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Aggressive treatment planned for Eurasian watermilfoil found in the Iowa Great Lakes

  • 9/13/2022 12:22:00 PM
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SPIRIT LAKE - The Iowa Department of Natural Resources (DNR) will start treating East Okoboji, Upper Gar, Lake Minnewashta, and Lower Gar this week with the approved aquatic herbicide, Sonar A.S. to eliminate Eurasian watermoilfoil.

Sonar A.S. has successfully eradicated Eurasian watermilfoil from other lakes in Iowa by preventing the plant from producing a pigment needed for photosynthesis, starving the plant over several weeks. The herbicide has no restrictions for swimming, fishing, irrigation, or drinking water at the planned dose. 

Treatments will continue through next spring.  The Iowa DNR will test the water throughout the Iowa Great Lakes chain every two weeks to measure concentration of the herbicide and prescribe “bumps” of herbicide to maintain the herbicide concentration. These bumps can even be done through the ice.

The herbicide is effective at very low concentrations, explains Jason Euchner, aquatic vegetation management biologist for the Iowa DNR. “We will treat the lake at five parts per billion.  Only sixty-three gallons of the herbicide will be needed to reach the desired concentration across all four lakes.”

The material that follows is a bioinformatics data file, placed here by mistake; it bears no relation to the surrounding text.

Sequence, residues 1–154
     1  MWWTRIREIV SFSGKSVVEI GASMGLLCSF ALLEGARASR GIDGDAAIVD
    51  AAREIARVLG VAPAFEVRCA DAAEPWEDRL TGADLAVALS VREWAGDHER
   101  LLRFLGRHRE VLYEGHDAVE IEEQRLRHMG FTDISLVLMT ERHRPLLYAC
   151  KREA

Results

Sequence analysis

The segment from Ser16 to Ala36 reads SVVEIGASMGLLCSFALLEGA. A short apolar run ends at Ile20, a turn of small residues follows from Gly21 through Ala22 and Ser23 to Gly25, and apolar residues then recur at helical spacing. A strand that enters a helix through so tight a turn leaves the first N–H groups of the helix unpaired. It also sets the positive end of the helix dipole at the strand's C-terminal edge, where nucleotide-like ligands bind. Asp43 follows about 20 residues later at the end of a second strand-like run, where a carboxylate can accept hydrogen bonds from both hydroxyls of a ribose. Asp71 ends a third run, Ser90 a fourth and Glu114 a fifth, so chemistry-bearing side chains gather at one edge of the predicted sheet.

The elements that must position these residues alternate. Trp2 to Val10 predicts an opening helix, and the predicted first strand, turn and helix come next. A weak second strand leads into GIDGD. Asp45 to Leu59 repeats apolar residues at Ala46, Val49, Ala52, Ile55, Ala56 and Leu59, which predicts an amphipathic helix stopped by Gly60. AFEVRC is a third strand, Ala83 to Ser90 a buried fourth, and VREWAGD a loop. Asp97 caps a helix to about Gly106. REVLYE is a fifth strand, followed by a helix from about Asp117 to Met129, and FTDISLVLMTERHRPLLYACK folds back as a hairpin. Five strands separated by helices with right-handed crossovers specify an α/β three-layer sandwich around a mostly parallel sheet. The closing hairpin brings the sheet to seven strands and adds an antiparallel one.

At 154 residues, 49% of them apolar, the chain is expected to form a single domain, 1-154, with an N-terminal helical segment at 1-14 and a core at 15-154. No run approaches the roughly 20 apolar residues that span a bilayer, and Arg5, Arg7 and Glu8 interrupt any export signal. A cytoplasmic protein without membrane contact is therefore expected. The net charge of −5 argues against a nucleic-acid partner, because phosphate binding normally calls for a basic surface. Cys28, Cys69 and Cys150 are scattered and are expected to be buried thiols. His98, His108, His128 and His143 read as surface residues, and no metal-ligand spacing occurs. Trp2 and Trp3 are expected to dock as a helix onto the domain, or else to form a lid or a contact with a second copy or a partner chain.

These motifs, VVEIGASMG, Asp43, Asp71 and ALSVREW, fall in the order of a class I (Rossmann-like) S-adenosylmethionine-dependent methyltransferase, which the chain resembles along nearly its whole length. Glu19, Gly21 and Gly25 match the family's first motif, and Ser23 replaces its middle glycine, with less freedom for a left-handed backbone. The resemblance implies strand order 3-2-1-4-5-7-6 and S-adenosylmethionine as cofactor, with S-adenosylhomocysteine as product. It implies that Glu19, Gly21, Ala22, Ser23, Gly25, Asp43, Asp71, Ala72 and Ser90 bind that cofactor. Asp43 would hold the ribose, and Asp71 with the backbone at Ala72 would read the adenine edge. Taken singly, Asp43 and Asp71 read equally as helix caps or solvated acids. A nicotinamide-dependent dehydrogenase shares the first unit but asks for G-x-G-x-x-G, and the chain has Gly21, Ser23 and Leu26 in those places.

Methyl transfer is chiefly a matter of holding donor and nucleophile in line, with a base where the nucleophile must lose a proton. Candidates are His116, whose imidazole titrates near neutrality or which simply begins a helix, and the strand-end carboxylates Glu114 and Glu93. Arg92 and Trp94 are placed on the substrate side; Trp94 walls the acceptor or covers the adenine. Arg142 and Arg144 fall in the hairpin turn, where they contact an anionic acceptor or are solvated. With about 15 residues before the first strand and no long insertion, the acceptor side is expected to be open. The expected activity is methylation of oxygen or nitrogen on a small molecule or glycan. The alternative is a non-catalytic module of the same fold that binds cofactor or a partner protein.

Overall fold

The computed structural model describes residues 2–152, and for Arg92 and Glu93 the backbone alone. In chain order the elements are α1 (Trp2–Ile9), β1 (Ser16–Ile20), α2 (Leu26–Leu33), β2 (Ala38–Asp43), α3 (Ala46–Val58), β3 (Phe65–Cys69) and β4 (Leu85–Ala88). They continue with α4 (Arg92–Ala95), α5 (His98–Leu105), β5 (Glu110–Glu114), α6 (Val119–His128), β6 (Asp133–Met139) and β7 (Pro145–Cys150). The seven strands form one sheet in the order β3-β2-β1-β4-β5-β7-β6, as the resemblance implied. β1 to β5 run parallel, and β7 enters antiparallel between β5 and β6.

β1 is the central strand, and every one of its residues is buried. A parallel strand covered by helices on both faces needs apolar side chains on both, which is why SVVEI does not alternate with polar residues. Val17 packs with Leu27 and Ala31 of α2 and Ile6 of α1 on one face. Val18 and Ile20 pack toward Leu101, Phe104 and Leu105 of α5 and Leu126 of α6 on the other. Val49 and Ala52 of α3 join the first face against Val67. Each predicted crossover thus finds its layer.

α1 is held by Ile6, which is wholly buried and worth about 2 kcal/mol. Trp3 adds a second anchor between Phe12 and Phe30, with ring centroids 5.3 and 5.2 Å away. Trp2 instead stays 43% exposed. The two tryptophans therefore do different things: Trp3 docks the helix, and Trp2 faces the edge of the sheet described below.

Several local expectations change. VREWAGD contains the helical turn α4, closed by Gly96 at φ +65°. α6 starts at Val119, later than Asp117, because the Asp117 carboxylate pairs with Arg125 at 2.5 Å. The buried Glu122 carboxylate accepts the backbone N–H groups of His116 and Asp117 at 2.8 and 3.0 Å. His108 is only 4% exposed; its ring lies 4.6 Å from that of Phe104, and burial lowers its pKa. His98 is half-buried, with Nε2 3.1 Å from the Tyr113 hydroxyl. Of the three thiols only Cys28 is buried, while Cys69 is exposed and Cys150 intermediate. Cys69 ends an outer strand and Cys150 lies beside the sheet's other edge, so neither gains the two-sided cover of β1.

Eurasian watermilfoil was discovered in the East Okoboji, Upper Gar, Lake Minnewashta, and Lower Gar in early August. This aggressive invasive plant is known to outcompete native plants and take over areas of a lake.

A group of representatives from the Iowa Great Lakes has been working with the Iowa DNR to formulate a management plan that could eliminate the plant from these lakes. Fast action is required since the plant is quickly expanding and could infest other lakes and wetlands in the chain making eradication nearly impossible.

Along with funding from the DNR, several local groups and organizations are helping to pay for this aggressive treatment plan, with partners committing over $335,000 in only a couple of weeks. 

Terry Wilts, with the East Okoboji Lakes Improvement Corporation, says, “This is a threat to all the lakes in the chain and to other surrounding lakes in the region.  We are in this together and if there is a chance to take out this plant, we’d regret not taking that opportunity.”

Eurasian watermilfoil and curly-leaf pondweed, another invasive species in the Iowa Great Lakes, are very susceptible to Sonar A.S.  The treatment should only impact these two species. Since Eurasian watermilfoil does not produce seeds, a single treatment can eliminate the plant. Curlyleaf pondweed will be drastically reduced because of the treatment, but will likely rebound since it produces seed-like structures that help it repopulate.

The DNR and local partners are starting to build a long-term management plan for the chain of lakes. If the project is successful, prevention will continue to be the best way to guard against future re-introduction. If the treatment is not successful, the group will discuss long-term management strategies. 

“Keeping the plant out of the lakes over the past 30 years has allowed time for better tools to be developed for managing this plant,” said Mike Hawkins, district fisheries biologist with the Iowa DNR. “I’m confident we can work together locally to manage it long-term. In the meantime, we plan to take our best shot at eliminating it.”